Nonstandard analysis is a way of doing calculus and analysis with infinitesimals. The historical approach of Leibniz, Euler, and others to infinitesimal calculus was gradually replaced by epsilon, delta techniques in the context of a real continuum, in the 19th century. It was not until the 1960s ...

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A remark of Connes

In an interview (at http://www.alainconnes.org/docs/Inteng.pdf) Connes remarks that I had been working on non-standard analysis, but after a while I had found a catch in the theory.... The point ...
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How helpful is non-standard analysis?

So, I can understand how non-standard analysis is better than standard analysis in that some proofs become simplified, and infinitesimals are somehow more intuitive to grasp than epsilon-delta ...
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Was the early calculus inconsistent?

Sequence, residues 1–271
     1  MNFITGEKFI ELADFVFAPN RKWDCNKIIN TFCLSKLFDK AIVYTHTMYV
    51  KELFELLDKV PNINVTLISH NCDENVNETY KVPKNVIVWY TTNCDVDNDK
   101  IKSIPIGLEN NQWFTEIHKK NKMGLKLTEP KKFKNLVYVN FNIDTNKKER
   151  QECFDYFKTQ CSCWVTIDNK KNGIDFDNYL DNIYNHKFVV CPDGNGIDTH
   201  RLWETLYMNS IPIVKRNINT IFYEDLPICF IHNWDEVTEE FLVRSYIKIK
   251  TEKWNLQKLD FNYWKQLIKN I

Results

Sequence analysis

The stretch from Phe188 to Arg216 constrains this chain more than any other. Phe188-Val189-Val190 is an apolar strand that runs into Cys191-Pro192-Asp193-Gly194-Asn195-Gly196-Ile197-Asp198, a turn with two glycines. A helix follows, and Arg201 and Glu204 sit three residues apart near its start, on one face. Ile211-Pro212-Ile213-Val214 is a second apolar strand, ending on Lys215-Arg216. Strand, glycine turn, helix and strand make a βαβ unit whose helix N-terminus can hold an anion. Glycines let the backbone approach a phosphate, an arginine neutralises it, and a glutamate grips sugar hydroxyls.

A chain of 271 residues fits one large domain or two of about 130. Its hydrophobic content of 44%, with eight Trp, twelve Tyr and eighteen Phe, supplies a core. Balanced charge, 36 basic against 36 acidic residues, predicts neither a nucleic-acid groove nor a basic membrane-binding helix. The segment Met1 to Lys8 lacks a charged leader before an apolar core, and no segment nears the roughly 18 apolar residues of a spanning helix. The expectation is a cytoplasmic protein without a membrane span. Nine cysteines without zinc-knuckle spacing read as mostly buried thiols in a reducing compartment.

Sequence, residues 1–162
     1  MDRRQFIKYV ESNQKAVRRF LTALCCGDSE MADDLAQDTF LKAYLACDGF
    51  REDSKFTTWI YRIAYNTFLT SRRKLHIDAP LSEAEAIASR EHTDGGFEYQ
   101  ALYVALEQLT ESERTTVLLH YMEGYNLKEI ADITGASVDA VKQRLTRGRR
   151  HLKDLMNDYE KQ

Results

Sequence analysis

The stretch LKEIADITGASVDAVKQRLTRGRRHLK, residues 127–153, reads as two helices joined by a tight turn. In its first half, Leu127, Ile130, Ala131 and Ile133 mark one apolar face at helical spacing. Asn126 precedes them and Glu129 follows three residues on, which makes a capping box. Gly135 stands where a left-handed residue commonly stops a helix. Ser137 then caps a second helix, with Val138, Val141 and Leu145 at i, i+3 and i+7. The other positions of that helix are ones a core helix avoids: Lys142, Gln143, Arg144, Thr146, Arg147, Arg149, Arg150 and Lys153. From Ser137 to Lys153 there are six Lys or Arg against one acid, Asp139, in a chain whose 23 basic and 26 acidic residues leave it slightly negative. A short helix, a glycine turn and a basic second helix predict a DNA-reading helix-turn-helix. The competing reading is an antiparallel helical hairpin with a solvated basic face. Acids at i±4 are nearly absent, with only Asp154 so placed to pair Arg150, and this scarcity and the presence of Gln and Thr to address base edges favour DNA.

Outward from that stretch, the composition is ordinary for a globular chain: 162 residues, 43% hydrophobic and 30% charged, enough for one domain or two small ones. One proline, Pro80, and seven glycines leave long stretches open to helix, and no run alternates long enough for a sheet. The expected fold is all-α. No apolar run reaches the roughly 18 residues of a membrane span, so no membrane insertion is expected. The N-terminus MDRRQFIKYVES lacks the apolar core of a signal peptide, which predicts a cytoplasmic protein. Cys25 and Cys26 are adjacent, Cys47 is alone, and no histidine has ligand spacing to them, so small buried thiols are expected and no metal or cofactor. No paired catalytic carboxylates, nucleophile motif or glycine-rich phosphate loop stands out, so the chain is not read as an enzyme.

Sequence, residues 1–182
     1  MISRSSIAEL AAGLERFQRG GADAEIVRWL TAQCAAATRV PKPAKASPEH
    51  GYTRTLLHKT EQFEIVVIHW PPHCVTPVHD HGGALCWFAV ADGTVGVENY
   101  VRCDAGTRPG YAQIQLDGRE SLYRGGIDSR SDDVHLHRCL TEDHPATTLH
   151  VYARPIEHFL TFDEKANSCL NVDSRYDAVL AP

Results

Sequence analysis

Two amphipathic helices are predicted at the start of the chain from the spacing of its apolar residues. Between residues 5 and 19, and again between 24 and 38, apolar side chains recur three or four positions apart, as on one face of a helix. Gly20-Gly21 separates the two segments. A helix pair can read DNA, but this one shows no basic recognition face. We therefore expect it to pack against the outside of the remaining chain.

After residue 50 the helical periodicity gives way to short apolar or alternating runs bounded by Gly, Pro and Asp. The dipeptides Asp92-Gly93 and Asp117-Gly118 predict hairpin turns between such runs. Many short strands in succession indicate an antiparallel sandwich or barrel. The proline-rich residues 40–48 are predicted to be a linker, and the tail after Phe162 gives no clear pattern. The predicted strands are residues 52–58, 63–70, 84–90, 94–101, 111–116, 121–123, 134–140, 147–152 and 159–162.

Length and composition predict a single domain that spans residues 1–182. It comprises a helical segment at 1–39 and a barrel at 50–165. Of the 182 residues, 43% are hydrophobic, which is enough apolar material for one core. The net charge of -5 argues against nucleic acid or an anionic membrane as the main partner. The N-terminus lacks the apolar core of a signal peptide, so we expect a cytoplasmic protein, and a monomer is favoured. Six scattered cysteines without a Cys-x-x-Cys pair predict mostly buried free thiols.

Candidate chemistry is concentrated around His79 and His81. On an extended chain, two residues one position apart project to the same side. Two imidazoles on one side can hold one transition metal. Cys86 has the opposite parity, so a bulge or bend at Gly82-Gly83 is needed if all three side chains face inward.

This question does NOT concern the RIGOR, or lack thereof, of the early calculus. Rather the question is of its CONSISTENCY. George Berkeley wrote in 1734 with reference to the early calculus that ...
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Would Euler's proofs get published in a modern math Journal, especially considering his treatment of the Infinite?

I was wondering how mathematicians of today would treat, for example, Euler's proof of zeta(2). In William Dunham's book 'Journey through Genius' ( ...
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Non standard Algebraic Topology

Let *$\mathbb R$ a field of non-standard real numbers (or any real closed field) equipped with its natural generalized metric $d(x,y)=|x-y|$. Equip *$\mathbb R^2$ and *$\mathbb R^3$ with the ...
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Defining the slowest divergent series

This question might seem too fuzzy, and if so, I will be happy to withdraw it. Until then, here it is: I know that a method of slowing a divergent series of positive reals is to replace the $n$-th ...